ccondon-r7 (167)

Last Login: May 12, 2022
Assessments
51
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167
6th Place

ccondon-r7's Latest (20) Contributions

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1
Technical Analysis

This bug was evidently used by LAPSUS$ in the wild as part of the attack on Okta.

2
Ratings
  • Attacker Value
    Very High
  • Exploitability
    Very High
Technical Analysis

Seemingly ubiquitous logging library—vulnerable implementations are going to be widespread. Multiple PoC exploits are publicly available, and broad opportunistic attacks already occurring, but I’d expect with all the different implementations, we’ll be seeing new attack vectors for weeks or months to come. Update all your dependencies ASAP, and/or take systems and services with known-vulnerable implementations offline right away. Exploitation sure to increase even further. https://www.rapid7.com/blog/post/2021/12/10/widespread-exploitation-of-critical-remote-code-execution-in-apache-log4j/

1
Technical Analysis

Rapid7’s services teams are observing opportunistic exploitation of this vulnerability in the wild. Sounds like coin miners are the payload so far.

1
Ratings
Technical Analysis

I’m not super clear yet on why Cisco rates this as “Medium” severity. A remote, unauthenticated ACL bypass in a network edge product seems like a fairly high-severity bug, though admittedly it doesn’t appear to be RCE, which I guess is something. I can’t imagine it’ll take long for PoCs to show up—we’ll see.

Exploitability sounds high from an initial read, but I’ll reserve official judgment on that until we see what the exploit dev community comes up with.

Edit: @jbaines-r7 makes the excellent point that if this turns out to be blind, it’s of significantly less value to an attacker.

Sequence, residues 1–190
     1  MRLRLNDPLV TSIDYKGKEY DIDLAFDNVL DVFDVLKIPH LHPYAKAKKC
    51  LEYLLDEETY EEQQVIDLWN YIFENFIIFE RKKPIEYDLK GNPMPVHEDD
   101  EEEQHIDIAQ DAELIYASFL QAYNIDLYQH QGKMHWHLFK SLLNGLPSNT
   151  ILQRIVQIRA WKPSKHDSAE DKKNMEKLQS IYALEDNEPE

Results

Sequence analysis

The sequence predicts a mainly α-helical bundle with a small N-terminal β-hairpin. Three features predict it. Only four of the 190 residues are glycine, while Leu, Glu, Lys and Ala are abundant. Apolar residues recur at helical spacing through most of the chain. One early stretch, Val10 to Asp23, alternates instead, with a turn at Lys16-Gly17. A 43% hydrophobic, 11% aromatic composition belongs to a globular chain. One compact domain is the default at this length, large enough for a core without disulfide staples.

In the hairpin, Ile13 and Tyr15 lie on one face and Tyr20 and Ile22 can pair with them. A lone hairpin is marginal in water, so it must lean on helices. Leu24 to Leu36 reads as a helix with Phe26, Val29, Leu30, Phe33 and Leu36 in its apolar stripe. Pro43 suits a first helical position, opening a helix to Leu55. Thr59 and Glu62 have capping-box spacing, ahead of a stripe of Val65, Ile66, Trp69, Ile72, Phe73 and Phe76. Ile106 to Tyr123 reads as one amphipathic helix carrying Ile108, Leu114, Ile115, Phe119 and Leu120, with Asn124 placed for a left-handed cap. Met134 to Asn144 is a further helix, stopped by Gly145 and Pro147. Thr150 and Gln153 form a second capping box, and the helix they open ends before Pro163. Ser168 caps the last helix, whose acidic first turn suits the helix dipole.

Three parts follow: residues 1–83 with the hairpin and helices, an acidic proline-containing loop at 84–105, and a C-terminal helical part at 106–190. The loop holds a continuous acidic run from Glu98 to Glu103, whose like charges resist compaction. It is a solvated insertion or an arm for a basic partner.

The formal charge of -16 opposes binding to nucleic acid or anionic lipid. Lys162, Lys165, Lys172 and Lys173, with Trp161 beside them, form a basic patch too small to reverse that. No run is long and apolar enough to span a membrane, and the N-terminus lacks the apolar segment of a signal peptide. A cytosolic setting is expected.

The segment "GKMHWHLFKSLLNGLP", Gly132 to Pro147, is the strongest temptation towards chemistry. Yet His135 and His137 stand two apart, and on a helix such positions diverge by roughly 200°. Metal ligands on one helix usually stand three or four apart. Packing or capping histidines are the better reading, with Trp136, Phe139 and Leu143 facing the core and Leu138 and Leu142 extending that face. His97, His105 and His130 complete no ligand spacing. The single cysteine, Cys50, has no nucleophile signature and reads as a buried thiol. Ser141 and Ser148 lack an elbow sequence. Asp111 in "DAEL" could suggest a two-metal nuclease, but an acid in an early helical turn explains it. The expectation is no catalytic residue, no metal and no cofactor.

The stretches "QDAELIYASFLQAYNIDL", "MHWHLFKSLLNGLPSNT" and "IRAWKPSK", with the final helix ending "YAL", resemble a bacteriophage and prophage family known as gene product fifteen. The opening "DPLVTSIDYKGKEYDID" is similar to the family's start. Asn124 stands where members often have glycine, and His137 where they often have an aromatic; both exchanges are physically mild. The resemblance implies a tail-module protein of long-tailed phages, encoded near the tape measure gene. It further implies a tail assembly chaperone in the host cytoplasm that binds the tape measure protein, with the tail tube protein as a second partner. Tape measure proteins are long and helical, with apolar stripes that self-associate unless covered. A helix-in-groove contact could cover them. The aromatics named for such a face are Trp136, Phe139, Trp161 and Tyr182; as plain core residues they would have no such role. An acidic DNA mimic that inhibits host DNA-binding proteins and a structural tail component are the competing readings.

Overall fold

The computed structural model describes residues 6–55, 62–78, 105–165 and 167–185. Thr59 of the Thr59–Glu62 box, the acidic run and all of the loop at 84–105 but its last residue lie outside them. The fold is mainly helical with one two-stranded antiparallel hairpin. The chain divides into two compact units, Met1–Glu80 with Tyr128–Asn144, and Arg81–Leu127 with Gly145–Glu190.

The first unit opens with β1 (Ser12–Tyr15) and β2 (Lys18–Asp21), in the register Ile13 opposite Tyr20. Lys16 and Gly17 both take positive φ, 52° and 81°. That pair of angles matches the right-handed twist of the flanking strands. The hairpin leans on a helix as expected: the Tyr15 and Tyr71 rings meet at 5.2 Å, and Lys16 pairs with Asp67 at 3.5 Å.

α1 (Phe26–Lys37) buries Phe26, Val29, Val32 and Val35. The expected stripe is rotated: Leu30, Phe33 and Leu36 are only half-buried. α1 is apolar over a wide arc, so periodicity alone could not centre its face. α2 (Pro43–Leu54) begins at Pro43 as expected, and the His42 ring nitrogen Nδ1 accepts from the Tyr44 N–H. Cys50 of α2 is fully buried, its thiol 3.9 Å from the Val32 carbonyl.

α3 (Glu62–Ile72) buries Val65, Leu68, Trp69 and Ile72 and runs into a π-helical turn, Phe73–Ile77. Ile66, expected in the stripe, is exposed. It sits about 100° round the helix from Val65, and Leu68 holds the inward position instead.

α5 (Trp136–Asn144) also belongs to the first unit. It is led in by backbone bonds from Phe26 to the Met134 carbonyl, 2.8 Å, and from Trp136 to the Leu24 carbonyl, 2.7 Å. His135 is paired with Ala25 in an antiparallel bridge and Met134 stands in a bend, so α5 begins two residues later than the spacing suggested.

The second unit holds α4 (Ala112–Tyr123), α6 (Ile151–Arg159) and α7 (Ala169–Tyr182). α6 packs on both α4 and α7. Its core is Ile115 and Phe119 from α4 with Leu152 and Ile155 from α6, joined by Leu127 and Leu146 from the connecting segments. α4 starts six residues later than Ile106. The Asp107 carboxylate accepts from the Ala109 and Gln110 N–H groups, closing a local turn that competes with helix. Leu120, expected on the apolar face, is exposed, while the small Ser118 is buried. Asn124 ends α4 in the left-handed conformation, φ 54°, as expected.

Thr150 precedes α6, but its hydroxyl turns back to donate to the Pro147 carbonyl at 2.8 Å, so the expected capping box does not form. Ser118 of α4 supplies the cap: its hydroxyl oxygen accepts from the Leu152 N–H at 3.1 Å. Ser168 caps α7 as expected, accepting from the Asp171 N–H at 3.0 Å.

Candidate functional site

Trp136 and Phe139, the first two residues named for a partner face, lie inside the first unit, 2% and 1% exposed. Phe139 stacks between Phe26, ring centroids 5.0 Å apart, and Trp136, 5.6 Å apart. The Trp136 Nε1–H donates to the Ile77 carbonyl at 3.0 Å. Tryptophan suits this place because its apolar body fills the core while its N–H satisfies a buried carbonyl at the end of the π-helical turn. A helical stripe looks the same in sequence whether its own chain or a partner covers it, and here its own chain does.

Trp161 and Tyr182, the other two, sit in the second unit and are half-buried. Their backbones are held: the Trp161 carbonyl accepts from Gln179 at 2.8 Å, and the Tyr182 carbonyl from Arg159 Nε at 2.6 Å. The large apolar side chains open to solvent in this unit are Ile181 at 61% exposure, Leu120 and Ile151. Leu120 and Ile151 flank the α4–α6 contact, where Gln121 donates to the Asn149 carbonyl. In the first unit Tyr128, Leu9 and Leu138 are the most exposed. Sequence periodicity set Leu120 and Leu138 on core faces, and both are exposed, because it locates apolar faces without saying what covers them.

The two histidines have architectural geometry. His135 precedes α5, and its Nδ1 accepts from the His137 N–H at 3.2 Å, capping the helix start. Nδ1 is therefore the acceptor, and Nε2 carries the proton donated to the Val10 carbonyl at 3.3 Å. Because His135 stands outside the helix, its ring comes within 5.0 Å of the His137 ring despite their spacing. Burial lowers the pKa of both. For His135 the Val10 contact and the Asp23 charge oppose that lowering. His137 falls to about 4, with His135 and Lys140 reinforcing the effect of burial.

2
Ratings
  • Attacker Value
    Very High
  • Exploitability
    Very High
Technical Analysis

Being exploited in the wild as of April 2021. Juniper Networks has a write-up on seeing payloads being delivered by the Sysrv botnet. Kinda surprising it took that long.

2
Ratings
  • Attacker Value
    Very High
  • Exploitability
    Very High
Technical Analysis

Both Palo Alto Networks and Netlab360 (ostensibly, since Netlab360 doesn’t specify any CVEs) have write-ups on widespread attacks leveraging this bug starting in April and going through at least August, including ransomware campaigns. QNAP’s advisory is pretty sparse, but from the news coverage it sounds like this was a hard-coded creds bug that allowed an attacker to log into a vulnerable device (which evidently QLocker and ech0raix ransomware operators did). Yikes—hopefully folks have patched by now.

1
Ratings
  • Attacker Value
    Very High
  • Exploitability
    High
Technical Analysis

This is another of those products I hadn’t ever heard of before we started hearing about compromises. There’s a Metasploit module available here, hence the relatively high exploitability rating: https://github.com/rapid7/metasploit-framework/pull/15525

Mitigation is to lock down admin access, sensibly: https://dev.lucee.org/t/lucee-vulnerability-alert-november-2020-cve-2021-21307/7643

1

Thanks @JoyGhoshs. Assuming you were attacking a target that you had permission to attack, we would not consider that to be exploitation in the wild. (If you were attacking a target that you did not have permission to attack…well, we aren’t lawyers, but that’s a pretty bad idea and probably not legal!)

To be considered “in the wild,” exploitation generally needs to take place outside lab environments and not within pen testing engagements. In other words, we only mark things “exploited in the wild” when threat actors are exploiting vulnerable targets to achieve some type of objective.

2

Hey @JoyGhoshs, great write-up, thanks! I was trying to find some kind of confirmation somewhere that this is exploited in the wild, though, and I’m not coming up with anything—have you observed active attacks by adversaries (not pen testers) against this somewhere, or were you reporting it as “Exploited in the wild” simply because details are available?

1

Those are great, @NinjaOperator, thanks for sharing!

3
Ratings
  • Attacker Value
    Medium
  • Exploitability
    Low
Technical Analysis

Sounds from Microsoft’s out-of-band advisory like this is seeing limited, targeted attacks and folks are only vulnerable in non-default configurations (i.e., “by default, Microsoft Office opens documents from the internet in Protected View or Application Guard for Office both of which prevent the current attack”). All this plus user interaction required = another social engineering opportunity for attackers with specific targets, but probably not a big concern as far as widespread, automated exploitation goes. No patch yet, but sounds like the most out-of-the-box mitigation is just to use the default option of opening docs in a protected manner.